Ian King was very critical of BP chairman Carl-Henric Svanberg's role in the crisis. He asked why Svanberg didn't more actively support his beleagured chief executive, adding that it was a scandal that the chairman was still in office.
King was generally sympathetic to BP. he admitted that The Times initially treated the crisis as a foreign story, only later recognising its impact. He reflected on BP's dilemma over calls to suspend its dividend in a Times column in June. (At Wednesday's event, he explained how a generation of BP executives including Hayward were seared by the experience of BP's 1990s dividend cut.) And he rightly pointed out that oil companies do dirty and dangerous things so we can run our cars and enjoy our lifestyle. The oil business will never be risk free. Ian added that he never understood why British companies were always so keen to do business in America, given the litigious and protectionist instincts of the land of the free.
Late in the debate, I pointed out that no one had mentioned social media. This was one of the biggest crises of the social media era. It led Tony Langham to praise BP's use of social media, including a reasonable apology on Facebook for Hayward's disastrous 'I want my life back' plea. Another participant said BP did an amazing internal communications job, keeping BP people informed and reassured. And BP has published a moving film called A year of change, introduced by new boss Bob Dudley, on the first anniversary of the tragedy.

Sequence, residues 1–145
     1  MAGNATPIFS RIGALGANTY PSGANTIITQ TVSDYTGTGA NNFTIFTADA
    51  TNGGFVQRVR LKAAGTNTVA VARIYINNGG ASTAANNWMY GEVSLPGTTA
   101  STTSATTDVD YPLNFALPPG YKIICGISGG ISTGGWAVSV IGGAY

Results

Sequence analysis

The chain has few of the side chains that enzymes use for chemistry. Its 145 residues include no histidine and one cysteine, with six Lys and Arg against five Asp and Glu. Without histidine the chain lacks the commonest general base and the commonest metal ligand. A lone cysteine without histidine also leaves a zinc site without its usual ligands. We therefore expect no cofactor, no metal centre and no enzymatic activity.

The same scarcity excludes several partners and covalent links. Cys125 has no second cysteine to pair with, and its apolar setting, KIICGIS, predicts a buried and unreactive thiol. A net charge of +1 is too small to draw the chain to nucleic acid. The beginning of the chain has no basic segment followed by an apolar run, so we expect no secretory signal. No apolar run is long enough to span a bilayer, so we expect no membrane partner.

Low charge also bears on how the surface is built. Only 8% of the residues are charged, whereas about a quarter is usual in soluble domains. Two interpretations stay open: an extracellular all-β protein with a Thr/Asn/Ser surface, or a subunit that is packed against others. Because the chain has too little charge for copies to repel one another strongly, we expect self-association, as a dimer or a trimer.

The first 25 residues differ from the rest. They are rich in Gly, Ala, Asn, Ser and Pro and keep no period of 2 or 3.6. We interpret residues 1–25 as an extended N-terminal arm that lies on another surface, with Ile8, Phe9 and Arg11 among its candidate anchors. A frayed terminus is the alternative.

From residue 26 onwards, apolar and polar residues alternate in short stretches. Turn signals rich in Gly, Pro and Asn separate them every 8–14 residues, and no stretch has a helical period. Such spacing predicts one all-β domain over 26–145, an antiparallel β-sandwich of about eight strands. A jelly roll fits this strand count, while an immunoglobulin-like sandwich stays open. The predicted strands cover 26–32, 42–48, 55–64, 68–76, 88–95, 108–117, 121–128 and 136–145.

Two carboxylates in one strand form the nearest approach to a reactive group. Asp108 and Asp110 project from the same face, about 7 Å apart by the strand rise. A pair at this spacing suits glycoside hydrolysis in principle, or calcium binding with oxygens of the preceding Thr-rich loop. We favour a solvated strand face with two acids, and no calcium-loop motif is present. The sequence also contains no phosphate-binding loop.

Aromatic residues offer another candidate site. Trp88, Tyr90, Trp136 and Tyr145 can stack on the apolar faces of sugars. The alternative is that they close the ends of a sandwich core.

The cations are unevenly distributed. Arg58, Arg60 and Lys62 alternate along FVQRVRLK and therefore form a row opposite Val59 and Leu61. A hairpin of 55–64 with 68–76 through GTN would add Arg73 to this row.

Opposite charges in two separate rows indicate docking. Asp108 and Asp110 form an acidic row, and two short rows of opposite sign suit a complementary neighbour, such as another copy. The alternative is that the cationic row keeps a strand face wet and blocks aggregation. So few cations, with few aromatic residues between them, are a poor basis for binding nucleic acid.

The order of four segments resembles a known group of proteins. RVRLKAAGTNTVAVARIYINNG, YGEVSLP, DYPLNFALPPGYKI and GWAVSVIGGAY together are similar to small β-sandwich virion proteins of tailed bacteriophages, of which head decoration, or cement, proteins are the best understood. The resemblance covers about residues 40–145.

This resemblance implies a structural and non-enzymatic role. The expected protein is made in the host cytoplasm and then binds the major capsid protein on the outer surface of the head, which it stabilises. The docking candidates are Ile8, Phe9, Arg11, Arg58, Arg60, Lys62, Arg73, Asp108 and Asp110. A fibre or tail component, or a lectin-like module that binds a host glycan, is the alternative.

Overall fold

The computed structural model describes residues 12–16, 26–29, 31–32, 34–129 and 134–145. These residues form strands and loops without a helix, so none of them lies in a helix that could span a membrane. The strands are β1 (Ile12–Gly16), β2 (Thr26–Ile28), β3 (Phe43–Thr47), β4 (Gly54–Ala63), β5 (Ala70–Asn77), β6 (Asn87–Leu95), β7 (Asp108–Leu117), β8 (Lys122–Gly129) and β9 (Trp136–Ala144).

Langham pointed out the irony of criticising Hayward for insisting on taking the media flak. He asked how many times people slammed company bosses for hiding from journalists when the going got tough. (Remember how invisible bank bosses were during the early stages of the credit crunch?) Yet it takes a formidable comms chief to tell a CEO he or she's not the person to front interviews. And as Navarro said, external advisers are often better placed to do so.
BP's experience will be studied for years to come. Last month I chaired a CIPR Corporate & Financial Group talk by Andrew Gowers, BP's head of communications during the Deepwater Horizon crisis. I said at the time that many PR people would have been partly relieved, partly disappointed, not to have been involved in this enormous story. We crave big stories - but this was a story that would have devoured almost anyone.
I'll end with a recent comment from one of our best friends, who works for BP. She said that many BP people were frustrated that the company seemed unable to get its message across during the crisis. I'm sure the company's PR people felt the same way: BP was a company under siege. That siege only lifted when the well was capped. It's easy to look to PR people to solve problems. Sometimes we can achieve that, but reality is always our greatest resource - or weakness.
Wednesday's event was held by Lansons Communications. It was chaired by Louise Cooper, head of Lansons Live. I was invited as head of PR of a Lansons client.